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Reasonable adjustments when employment has ended?

Employment and Discrimination Law

Re: Reasonable adjustments when employment has ended?

Postby Smouldering Stoat » Mon May 15, 2017 8:39 pm

Scienke wrote:I agree smouldering stoat. It's not the employers fault if the employee recieves bad advice.

However, I do wonder what if any extra responsibilities may rest on the employer when they know they are offering a vulnerable and easily confused employee a legal settlement.


Their responsibility is to say "Here is our proposed agreement, take legal advice on it."
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Re: Reasonable adjustments when employment has ended?

Postby atticus » Mon May 15, 2017 8:40 pm

Do you mean not made aware? That extra word conveys a lot, and suggests a failure in communication between union rep and adviser.
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Re: Reasonable adjustments when employment has ended?

Postby Scienke » Mon May 15, 2017 8:50 pm

atticus wrote:Do you mean not made aware? That extra word conveys a lot, and suggests a failure in communication between union rep and adviser.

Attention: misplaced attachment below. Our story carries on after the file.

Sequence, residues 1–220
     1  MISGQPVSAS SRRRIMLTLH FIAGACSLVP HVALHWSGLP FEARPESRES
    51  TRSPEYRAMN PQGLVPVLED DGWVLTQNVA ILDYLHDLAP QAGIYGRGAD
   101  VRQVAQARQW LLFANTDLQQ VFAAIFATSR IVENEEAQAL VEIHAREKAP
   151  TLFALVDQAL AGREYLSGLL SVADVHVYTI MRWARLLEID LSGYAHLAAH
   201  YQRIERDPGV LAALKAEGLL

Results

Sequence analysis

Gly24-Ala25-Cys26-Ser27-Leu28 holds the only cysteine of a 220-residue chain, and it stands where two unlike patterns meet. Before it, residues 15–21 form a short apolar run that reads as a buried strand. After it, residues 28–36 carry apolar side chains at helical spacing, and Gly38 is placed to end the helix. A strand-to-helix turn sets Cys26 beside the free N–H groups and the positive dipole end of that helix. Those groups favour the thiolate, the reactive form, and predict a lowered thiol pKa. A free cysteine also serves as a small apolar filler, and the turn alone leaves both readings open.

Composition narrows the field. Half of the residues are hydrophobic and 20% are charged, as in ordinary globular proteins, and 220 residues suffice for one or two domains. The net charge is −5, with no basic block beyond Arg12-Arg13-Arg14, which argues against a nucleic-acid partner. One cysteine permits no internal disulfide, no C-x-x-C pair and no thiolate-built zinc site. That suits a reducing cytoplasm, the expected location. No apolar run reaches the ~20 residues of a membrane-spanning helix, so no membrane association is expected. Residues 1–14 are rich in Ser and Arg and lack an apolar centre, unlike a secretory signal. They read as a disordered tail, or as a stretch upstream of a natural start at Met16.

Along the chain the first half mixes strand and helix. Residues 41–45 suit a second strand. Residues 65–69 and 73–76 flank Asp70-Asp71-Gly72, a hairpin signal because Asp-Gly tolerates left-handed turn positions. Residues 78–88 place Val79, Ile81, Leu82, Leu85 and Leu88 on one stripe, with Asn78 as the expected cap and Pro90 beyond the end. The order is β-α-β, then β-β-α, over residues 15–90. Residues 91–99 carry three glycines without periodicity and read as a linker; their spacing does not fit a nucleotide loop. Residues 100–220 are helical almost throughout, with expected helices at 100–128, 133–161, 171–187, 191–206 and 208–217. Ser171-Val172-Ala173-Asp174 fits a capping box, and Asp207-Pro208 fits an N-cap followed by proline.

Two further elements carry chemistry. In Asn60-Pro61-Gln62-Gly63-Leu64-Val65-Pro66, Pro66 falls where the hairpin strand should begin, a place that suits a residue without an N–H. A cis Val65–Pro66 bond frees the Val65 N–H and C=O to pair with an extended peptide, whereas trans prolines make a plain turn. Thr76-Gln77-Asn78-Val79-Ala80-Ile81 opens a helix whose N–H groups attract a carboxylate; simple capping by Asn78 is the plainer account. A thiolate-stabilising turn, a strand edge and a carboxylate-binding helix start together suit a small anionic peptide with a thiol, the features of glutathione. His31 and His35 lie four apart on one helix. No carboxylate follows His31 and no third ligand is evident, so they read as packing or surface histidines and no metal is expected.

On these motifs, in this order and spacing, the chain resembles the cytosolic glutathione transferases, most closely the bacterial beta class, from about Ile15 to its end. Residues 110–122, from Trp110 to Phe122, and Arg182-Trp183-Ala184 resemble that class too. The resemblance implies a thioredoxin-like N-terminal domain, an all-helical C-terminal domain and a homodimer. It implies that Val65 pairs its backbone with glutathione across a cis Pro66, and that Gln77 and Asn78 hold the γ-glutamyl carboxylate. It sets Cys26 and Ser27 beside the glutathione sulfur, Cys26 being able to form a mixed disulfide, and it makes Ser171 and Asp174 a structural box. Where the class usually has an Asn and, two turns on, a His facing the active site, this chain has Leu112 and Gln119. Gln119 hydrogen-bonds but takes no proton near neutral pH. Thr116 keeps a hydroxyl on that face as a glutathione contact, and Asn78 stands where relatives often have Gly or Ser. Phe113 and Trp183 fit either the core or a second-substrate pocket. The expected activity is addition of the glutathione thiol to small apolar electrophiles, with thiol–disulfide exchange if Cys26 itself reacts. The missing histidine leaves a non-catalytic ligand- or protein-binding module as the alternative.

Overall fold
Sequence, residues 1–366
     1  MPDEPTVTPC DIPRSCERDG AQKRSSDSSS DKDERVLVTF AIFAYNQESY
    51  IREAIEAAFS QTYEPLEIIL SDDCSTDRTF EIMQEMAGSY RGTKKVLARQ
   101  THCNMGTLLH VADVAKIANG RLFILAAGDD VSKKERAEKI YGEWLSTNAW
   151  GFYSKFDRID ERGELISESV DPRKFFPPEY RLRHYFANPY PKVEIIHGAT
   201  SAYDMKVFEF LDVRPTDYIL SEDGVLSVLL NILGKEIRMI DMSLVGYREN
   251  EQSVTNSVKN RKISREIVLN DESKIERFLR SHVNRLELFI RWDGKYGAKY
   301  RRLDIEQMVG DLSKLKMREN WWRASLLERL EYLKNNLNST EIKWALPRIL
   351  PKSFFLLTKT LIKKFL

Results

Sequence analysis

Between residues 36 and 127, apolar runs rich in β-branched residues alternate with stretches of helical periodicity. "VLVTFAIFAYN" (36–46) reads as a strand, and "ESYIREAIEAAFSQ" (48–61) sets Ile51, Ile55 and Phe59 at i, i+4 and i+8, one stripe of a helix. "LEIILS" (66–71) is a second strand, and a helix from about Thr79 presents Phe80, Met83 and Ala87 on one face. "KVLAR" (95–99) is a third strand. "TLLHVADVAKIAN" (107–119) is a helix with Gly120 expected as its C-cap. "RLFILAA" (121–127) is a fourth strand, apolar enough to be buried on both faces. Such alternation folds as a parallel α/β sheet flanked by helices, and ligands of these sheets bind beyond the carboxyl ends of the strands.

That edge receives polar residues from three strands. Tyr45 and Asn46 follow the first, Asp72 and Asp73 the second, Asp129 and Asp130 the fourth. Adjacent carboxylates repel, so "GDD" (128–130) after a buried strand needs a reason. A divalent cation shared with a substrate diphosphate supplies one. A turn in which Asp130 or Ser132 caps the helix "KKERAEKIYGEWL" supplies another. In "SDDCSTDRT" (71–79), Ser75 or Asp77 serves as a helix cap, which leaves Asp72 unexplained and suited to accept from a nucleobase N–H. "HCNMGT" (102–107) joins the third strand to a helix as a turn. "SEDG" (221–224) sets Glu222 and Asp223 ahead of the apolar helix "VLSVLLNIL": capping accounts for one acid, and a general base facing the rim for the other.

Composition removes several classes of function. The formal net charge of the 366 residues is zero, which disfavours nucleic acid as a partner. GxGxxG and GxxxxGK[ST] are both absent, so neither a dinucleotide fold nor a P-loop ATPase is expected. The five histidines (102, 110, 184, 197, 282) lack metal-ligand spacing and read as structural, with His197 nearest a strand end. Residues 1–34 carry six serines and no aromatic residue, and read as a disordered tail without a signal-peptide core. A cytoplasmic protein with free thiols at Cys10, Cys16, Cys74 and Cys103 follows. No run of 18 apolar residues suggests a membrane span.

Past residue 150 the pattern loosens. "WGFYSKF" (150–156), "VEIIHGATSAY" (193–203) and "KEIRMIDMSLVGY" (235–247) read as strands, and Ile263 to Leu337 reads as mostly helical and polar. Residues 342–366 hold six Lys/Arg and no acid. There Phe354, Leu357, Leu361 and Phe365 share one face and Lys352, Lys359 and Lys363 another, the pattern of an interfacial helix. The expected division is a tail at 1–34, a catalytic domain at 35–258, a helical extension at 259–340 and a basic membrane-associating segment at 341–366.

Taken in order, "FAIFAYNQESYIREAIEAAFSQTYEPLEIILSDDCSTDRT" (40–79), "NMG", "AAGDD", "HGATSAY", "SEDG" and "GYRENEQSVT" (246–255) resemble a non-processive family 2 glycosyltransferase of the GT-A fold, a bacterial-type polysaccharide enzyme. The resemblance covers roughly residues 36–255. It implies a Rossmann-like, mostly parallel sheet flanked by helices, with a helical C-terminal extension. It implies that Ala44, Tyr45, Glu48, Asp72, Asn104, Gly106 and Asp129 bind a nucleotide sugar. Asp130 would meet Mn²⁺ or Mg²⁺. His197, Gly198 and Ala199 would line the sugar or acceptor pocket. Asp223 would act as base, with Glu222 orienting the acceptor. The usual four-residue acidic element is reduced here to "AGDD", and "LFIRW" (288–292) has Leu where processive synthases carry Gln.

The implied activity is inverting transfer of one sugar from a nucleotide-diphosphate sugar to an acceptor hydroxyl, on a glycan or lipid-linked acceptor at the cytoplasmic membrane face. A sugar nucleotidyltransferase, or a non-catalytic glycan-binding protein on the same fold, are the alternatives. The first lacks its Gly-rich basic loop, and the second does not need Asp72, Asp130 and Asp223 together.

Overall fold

Yes from all that I know the legal advisor was not made aware of the autism. They knew virtually nothing about the member and it did occur to the family that perhaps the union rep was actually a little too close to the employer.
Last edited by Scienke on Mon May 15, 2017 9:25 pm, edited 1 time in total.
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Re: Reasonable adjustments when employment has ended?

Postby Scienke » Mon May 15, 2017 9:04 pm

Smouldering Stoat wrote:
Scienke wrote:I agree smouldering stoat. It's not the employers fault if the employee recieves bad advice.

However, I do wonder what if any extra responsibilities may rest on the employer when they know they are offering a vulnerable and easily confused employee a legal settlement.


Their responsibility is to say "Here is our proposed agreement, take legal advice on it."


Purely as an example - the employer says to a confused and vulnerable person "Here's our proposed agreement. Take legal advice. But if you don't accept what we are offering we will claim that you stole something from us and sack you. Then we may get the police involved and you might go to prison."

I know we're getting away from reasonable adjustments here and into the territory of undue pressure. The vulnerable/confused/scared employee didn't have the presence of mind to ask the legal advisor if this pressure from the employer was allowed or acceptable, (because they believed that the employer was all powerful). The advisor didn't know that this pressure was being applied so they couldn't have asked about it. Are you suggesting that the employer is protected just because the employee had the opportunity to ask but didn't?
Last edited by Scienke on Mon May 15, 2017 9:23 pm, edited 3 times in total.
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Re: Reasonable adjustments when employment has ended?

Postby Hairyloon » Mon May 15, 2017 9:11 pm